For the most part jam-free, Trey’s acoustic style was less about the improvisation and placed more emphasis on the song, and in terms of structure, these songs may have been reduced to nothing more than riff, melody and vocals, but they sounded every bit as pretty and/or lively without a band. A song like “Joy” still possessed its soulful sweetness, a song like “Wilson” sounded naked but still had it’s gritty bite. “Cavern,” now transformed into a folk-blues number, was arguably the highlight of this part of the evening, and might have been more powerful in this raw rebirth.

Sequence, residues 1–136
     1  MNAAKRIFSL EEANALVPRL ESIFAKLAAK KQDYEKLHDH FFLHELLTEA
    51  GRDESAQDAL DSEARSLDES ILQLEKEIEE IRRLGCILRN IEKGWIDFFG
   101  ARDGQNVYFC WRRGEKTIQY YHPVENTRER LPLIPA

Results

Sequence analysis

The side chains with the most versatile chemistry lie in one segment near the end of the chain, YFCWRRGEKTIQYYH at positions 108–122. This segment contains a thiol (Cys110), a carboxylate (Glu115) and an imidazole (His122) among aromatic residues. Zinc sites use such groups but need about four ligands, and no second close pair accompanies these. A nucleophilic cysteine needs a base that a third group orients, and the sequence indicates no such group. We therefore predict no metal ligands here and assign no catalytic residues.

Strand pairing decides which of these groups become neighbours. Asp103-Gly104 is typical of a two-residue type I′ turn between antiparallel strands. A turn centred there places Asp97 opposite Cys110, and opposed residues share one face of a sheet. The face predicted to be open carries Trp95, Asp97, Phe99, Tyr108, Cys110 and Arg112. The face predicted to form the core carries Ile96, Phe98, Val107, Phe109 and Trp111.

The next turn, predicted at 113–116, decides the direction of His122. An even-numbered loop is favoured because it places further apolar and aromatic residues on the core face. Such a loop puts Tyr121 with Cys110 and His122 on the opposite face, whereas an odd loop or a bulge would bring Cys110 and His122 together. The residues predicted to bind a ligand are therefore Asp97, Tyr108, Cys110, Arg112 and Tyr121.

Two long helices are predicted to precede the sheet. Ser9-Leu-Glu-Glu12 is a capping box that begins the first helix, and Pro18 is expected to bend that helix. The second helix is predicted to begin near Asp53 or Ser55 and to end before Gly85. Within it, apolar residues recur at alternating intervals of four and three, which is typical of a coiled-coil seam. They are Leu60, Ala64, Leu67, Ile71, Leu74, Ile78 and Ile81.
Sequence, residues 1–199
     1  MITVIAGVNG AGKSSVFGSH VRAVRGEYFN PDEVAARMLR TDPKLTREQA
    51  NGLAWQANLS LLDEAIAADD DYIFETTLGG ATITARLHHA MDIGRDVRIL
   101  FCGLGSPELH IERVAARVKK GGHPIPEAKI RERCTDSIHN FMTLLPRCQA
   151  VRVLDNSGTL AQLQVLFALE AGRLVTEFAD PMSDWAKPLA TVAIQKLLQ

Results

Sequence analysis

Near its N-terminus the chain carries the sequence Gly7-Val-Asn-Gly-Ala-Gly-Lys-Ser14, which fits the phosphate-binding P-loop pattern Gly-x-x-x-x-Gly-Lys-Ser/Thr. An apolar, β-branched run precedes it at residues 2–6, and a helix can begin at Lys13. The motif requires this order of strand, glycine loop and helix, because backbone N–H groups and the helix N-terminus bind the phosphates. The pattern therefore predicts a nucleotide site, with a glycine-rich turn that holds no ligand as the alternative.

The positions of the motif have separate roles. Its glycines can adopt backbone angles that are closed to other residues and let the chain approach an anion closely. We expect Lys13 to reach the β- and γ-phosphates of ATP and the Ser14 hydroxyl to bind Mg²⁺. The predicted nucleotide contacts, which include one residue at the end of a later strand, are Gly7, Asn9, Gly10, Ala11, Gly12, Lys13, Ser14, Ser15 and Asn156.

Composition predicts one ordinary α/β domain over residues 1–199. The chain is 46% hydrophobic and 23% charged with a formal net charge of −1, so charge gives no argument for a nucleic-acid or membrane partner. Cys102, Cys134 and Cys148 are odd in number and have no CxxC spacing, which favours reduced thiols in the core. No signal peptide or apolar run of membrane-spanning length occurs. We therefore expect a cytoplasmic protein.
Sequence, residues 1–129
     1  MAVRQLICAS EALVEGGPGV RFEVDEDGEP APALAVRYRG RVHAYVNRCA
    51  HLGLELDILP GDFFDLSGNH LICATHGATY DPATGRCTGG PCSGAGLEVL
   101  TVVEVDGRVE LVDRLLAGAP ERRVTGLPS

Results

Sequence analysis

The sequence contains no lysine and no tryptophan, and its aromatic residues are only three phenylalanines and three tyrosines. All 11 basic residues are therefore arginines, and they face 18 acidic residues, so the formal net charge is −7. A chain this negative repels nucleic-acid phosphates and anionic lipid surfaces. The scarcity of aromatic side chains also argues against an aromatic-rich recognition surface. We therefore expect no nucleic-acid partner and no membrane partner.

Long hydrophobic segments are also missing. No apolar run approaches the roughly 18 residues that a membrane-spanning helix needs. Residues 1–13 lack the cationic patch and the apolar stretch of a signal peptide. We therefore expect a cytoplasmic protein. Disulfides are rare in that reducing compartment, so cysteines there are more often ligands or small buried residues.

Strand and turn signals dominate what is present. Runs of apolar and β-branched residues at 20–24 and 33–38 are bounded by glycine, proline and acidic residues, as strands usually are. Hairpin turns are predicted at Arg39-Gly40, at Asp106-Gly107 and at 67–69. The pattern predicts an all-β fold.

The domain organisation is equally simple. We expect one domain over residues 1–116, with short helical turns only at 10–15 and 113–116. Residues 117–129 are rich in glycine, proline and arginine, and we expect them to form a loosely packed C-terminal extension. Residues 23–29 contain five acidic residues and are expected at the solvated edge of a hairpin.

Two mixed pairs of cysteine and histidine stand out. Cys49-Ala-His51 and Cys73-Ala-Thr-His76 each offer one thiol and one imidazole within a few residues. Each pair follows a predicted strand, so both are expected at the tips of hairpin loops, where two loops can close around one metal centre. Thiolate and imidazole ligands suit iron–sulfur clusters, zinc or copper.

For the last half hour of the first set, the band accompanied Trey, and over the course of four songs, they had transitioned from a semi-acoustic ensemble to the classic TAB sound. For “Heavy Things” and “Liquid Time,” Trey stuck to his wooden six string while the band added rich textures, but then put it aside, slung on his electric axe and launched the dance party with “Gotta Jibboo.” Once the band had eased into a steady groove, Trey transformed into the multidimensional warrior and dropped one of his inspirational solos that had those in attendance shaking down and allowing the music to take them for a ride, including Ben Harper, who could be seen up in the balcony throwing up his arms and letting loose. The band would take it up another notch with the up-tempo “Push On ‘Til The Day” and pretty soon it was raining glow sticks. Judging by the fantastic interplay amongst the band during this four-song preview of what was to come following the intermission, it seemed clear that this was going to be one of the better nights of the tour.